Jaumont, F., Ross, J., and Le Dévédec, B. (2017). “Institutionalization of French Heritage language Education in U.S. School Systems in Kagan”, Olga E. , Maria M. Carreira and Claire Hitchins Chik. The Routledge Handbook of Heritage Language Education. Abingdon: Routledge.
Jaumont, F. (2012) Directory of French dual-language programs in the United States (PDF)
Jaumont, F. (2012) French dual-language programs in the United States (PDF)
Ross, J. & Jaumont, F. (2012) Révolution bilingue pour la communauté francophone (PDF)
Ross, J. & Jaumont, F. La vitalité du français en tant que langue d’héritage aux Etats-Unis (PDF)
Jaumont, F., Ross, J., Schulz, J., Dunn, J., and Ducrey, L. (2016). “Sustainability of French Heritage Language Education in the United States in Handbook of Research and Practice in Heritage Language Education”, Springer International Handbooks of Education (pp. 1-18)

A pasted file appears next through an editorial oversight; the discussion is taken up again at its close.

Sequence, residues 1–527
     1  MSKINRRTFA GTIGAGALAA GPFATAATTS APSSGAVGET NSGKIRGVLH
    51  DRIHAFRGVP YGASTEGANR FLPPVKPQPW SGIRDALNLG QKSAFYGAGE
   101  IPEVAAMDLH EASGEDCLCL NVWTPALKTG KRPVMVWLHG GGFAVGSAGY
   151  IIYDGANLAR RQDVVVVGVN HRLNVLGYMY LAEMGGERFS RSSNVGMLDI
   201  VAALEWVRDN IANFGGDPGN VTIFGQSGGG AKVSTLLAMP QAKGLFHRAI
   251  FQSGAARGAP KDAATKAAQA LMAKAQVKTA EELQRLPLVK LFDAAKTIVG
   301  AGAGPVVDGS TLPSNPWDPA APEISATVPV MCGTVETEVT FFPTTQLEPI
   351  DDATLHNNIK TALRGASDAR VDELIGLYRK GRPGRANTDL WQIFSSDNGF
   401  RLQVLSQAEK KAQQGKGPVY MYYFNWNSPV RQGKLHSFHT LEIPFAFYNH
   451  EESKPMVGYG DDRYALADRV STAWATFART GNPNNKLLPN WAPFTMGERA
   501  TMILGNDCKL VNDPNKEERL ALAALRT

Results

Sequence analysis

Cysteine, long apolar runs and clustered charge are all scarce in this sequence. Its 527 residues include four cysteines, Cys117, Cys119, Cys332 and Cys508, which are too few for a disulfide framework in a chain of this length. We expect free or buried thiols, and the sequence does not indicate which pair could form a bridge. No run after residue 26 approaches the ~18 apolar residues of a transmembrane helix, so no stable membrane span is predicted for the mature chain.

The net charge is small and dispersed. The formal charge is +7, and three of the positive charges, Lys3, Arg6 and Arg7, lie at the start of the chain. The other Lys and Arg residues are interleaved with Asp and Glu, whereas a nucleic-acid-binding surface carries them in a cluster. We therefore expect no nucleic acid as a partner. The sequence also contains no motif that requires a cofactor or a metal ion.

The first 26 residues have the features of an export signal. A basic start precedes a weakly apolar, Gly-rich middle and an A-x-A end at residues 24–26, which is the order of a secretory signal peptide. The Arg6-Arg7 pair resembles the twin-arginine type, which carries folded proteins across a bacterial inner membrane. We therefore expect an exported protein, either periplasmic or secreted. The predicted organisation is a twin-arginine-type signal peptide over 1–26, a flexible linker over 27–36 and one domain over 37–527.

Jane F. Ross et Fabrice Jaumont, “Maintien et transmission de l’héritage linguistique chez les francophones des Etats-Unis”. Québec français 174 (2015): 43–44.
Jaumont, F., and Ross, J. (2014). “French Heritage Language Communities in the United States” in T. Wiley, J. K. Peyton, D. Christian, S. C. Moore, and N. Liu. Handbook of Heritage and Community Languages in the United States (pp. 101-110). Oxford, U.K.: Routledge. (PDF)
Jane Ross and Fabrice Jaumont. (2013). “French Language Vitality in the US” in Heritage Language Journal. Vol. 10, No 3. (pp. 316-317) (PDF)
Jaumont, F., and Ross, J. (2012). “Building Bilingual Communities: NYC’s French Bilingual Revolution” in O. García, Z. Zakharia, and B. Otcu (Eds.), Bilingual Community Education and Multilingualism (pp. 232-246). Bristol, U.K.: Multilingual Matters. (PDF)